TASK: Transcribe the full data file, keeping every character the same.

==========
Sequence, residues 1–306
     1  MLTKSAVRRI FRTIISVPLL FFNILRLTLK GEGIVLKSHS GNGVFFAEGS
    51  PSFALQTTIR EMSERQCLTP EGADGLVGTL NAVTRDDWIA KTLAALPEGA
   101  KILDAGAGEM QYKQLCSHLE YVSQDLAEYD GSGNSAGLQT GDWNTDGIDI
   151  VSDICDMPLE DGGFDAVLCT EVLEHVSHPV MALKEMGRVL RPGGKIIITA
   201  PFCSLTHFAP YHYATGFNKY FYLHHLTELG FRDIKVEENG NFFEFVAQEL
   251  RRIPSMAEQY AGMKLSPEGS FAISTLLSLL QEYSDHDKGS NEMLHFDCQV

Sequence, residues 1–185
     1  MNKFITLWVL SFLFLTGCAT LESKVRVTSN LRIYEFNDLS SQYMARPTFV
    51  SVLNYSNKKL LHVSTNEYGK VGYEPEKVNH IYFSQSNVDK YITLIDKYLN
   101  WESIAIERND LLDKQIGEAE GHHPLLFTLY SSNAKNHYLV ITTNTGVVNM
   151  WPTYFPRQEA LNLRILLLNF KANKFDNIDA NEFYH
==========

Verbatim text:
Sequence, residues 1–306
     1  MLTKSAVRRI FRTIISVPLL FFNILRLTLK GEGIVLKSHS GNGVFFAEGS
    51  PSFALQTTIR EMSERQCLTP EGADGLVGTL NAVTRDDWIA KTLAALPEGA
   101  KILDAGAGEM QYKQLCSHLE YVSQDLAEYD GSGNSAGLQT GDWNTDGIDI
   151  VSDICDMPLE DGGFDAVLCT EVLEHVSHPV MALKEMGRVL RPGGKIIITA
   201  PFCSLTHFAP YHYATGFNKY FYLHHLTELG FRDIKVEENG NFFEFVAQEL
   251  RRIPSMAEQY AGMKLSPEGS FAISTLLSLL QEYSDHDKGS NEMLHFDCQV

Sequence, residues 1–185
     1  MNKFITLWVL SFLFLTGCAT LESKVRVTSN LRIYEFNDLS SQYMARPTFV
    51  SVLNYSNKKL LHVSTNEYGK VGYEPEKVNH IYFSQSNVDK YITLIDKYLN
   101  WESIAIERND LLDKQIGEAE GHHPLLFTLY SSNAKNHYLV ITTNTGVVNM
   151  WPTYFPRQEA LNLRILLLNF KANKFDNIDA NEFYH